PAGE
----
Trump Can’t Hate — What He Does Instead Is Worse


That’s not a Pollyanna dream. It’s not the blind hope of a defeated electorate.

It’s the truth.

President Donald Trump, the 45th President of the United States, abdicated his leather throne when, faced with a nation divided, he joined the breach with a hand grenade of historical indifference. He opened the wounds deeper and drew the lines darker.

He let the moral authority of his office drain away in supercilious succession – with silence and then with tweets, with falsehoods and with rancor.

But of all the things Trump is and does, one thing is certain: He doesn’t hate.

Trump may express hate, yes; and he will say hateful things. But a man like Trump doesn’t truly hate because he can’t – he simply doesn’t possess that universal human capacity.

Hate requires nuance and a semblance of rationale – it can be a stupid and baseless rationale, but it’s a rationale nonetheless. And that’s why what Trump does is far worse than anything mere hate could ever hope to achieve.

Only two kinds of people exist in Trump’s world: Donald Trump, and those who love Donald Trump. There’s no thinking beyond that. There is nothing anyone can say or do to make Trump take a side for anything other than his need to be loved. Every decision he makes runs through that narcissism filter.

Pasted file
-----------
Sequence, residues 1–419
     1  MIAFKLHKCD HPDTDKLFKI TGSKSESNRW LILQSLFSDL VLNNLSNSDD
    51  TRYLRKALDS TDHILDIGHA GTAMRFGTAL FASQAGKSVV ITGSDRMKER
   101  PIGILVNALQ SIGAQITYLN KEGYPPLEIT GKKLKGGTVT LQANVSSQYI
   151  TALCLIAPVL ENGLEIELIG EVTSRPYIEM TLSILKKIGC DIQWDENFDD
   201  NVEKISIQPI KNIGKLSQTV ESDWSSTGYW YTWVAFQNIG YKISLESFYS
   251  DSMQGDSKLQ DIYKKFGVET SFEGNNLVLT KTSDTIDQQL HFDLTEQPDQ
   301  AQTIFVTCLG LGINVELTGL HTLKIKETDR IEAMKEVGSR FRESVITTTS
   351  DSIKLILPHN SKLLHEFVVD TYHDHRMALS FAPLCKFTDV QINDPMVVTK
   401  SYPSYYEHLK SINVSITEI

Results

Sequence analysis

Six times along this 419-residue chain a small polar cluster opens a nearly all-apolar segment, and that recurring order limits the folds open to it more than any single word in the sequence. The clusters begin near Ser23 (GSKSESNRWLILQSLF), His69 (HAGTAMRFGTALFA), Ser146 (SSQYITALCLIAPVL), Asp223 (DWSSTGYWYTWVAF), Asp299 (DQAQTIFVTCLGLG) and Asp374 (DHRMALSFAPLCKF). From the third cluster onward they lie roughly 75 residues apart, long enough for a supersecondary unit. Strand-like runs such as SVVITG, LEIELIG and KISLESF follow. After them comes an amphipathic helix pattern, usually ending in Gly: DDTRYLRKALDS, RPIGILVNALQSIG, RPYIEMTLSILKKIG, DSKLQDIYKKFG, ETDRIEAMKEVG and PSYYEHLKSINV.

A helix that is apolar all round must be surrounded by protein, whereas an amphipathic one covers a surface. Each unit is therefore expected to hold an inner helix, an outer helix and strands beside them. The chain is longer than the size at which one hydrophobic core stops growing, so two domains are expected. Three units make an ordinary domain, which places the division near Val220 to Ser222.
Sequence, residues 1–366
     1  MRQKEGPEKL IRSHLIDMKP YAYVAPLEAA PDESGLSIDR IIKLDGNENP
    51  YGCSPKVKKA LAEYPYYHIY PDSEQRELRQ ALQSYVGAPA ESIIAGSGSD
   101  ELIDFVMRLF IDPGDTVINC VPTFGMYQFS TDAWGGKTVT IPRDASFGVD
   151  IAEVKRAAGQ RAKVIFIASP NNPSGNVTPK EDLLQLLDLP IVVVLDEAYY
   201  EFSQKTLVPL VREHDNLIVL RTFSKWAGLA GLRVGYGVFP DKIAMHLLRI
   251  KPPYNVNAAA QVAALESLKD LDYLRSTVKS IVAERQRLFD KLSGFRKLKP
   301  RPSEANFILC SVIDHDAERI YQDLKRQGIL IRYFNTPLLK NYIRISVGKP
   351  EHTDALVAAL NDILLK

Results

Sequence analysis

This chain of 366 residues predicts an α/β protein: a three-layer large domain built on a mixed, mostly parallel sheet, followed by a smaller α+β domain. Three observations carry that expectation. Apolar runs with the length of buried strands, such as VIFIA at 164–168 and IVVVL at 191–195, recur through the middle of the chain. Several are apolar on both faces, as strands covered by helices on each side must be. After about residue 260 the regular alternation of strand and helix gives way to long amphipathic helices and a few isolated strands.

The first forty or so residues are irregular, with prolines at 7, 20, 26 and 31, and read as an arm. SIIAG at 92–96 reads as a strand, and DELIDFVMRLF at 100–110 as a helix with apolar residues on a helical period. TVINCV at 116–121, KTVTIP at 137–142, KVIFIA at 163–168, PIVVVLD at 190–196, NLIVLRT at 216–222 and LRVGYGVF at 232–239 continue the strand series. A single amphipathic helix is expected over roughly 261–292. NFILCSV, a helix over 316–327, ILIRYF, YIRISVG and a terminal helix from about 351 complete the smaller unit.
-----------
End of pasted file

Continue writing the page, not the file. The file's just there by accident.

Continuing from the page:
The Nazis who protested in the streets of Charlottesville praised his name, so he had to let them love him. He doesn’t know how to act any other way.

The need to be loved is stronger, more dangerous, and as we learned last week, more divisive than hate. Without love from his family, from Fox & Friends, from his supporters and, yes, even from those who wear the swastika, Trump can’t function.

He needs it all, every last drop. He feeds on it like a cancer cell devours a healthy body. His yawning hunger for love will consume the republic until all that’s left is skin and bone.

So that’s where are in 2017. When people looked to the White House for leadership, they found only vanity. When they turned to the President to reset the nation’s moral compass, he instead tossed it into the pyre of our basest fears, letting it burn our eyes like so much tear gas.

President Donald Trump resigned not his office, but his role as steward of America’s conscience. He resigned his obligation to be the light that shines moral certitude over a fragile country that often needs to be reminded how, and why, it came into existence.

We will get through this; Americans always do. But now, at least for the foreseeable future, we will have to get through it alone.

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